Paychex has seen revenue grow in the range of 5-7% in the decade prior to the COVID era. Results during the “COVID” period were surprisingly resilient aided by US stimulus packages for businesses, and then accelerated with the pent-up demand in the reopening afterwards. During this period, just like many other businesses who adapted to remote or hybrid work and offered new products as customers’ needs quickly changed, Paychex also managed to both accelerate changes within its sales and service organizations that made it more efficient and quickly brought to market new services to help customers efficiently utilize government stimulus programs such as the Paycheck Protection Plan (PPP), Loan Forgiveness, and Employee Retention Tax Credit (ERTC) programs.
Paychex’ ability to quickly build and deploy critical services that leveraged the customer employee data it already had during a tumultuous time helped a significant number of its clients survive thru the period and increase their loyalty, raising its retention rate from 82% in its May-ending Fiscal Year 2019 to 85% in FY21. In total, Paychex helped over 500,000 businesses apply for and receive $65 billion in PPP loans (9% of the total program payouts and an even larger proportion of loans disbursed to small and medium sized businesses), apply for loan forgiveness afterwards, and helped more than 40,000 clients qualify for and obtain $8 billion in employee retention credits.
In addition, the labor challenges of the past year or so have driven greater adoption of its HR services and software technologies in order to improve employee services in the form of mobile self-service options and employee benefits management for its clients. When it comes to benefits, small and medium businesses are structurally disadvantaged when competing in the marketplace to offer the best compensation packages vs large businesses. For example, many insurance offerings get cheaper per employee with scale and Paychex’s PEO service allows it to bring down the collective cost by pooling all its participating small businesses into one huge employee pool. Bringing automation technologies to its small business clients has also enabled them to work more efficiently during an inflationary period where productivity gains have been the key to preserving and growing their revenue and margins under tight labor constraints. The self-service capabilities and automation has helped also Paychex increase the productivity of its own customer service reps and salesforce, resulting in record core service margins.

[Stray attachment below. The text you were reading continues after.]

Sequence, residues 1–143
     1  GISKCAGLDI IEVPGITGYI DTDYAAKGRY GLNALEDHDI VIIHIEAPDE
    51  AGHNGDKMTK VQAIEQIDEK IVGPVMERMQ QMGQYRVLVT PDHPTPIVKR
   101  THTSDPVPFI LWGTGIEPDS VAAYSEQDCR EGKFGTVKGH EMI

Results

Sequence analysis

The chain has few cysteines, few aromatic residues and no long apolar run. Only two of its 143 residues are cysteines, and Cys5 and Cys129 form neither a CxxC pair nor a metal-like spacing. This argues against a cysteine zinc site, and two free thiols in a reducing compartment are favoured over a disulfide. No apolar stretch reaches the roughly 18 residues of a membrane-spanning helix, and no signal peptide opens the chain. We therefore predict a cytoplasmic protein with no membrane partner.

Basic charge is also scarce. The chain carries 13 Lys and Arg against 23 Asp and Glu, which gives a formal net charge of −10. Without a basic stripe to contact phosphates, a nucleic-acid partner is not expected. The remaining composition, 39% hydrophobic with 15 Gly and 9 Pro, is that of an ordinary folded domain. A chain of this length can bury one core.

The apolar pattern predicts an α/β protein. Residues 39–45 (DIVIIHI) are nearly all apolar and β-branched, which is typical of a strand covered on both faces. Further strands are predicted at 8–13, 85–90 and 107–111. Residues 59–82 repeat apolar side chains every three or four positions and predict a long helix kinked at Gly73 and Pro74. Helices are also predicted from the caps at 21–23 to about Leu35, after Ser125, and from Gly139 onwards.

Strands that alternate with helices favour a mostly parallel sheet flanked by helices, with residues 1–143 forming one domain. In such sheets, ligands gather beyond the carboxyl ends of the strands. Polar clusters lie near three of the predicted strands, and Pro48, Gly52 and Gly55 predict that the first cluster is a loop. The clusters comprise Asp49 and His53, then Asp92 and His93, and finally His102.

The pandemic period has brought to light the importance of adaptability and resilience in business’ ability to thrive over time. The common adage, “the only constant is change”, was very much emphasized during that period. However, more broadly we’ve seen technology really start to penetrate all types of businesses especially over the past decade with the proliferation of the internet everywhere and smartphones in everyone’s pockets. Prior to the pandemic there was some worry that Paychex was too slow to adapt to the consumerization of business services and the self-service buying and control that an increasing proportion of a “digital native” business owners and employees have come to expect. However, despite the company’s origins in the 1970s mainframe era and its coming of age in the 1980s and 1990s PC period, Paychex has shown an ability to adapt at a pace that keeps up (if not necessarily lead) with customers’ needs and being able to leverage its expertise as a trusted partner to provide needed services at both steady and rapidly changing periods of their business lives.
Finally, while the services Paychex provides are not the most exciting topics to talk about, they are essential business to business mission critical services, and they can be very lucrative longer term investments as Paychex’s stock performance demonstrates. We own similar businesses such as Fastenal and Broadridge that also display those types of characteristics. And in markets such as the one we experienced in 2022, in which doubts about the future growth of more discretionary services come into doubt, these kinds of “must have” services made for relative safe havens.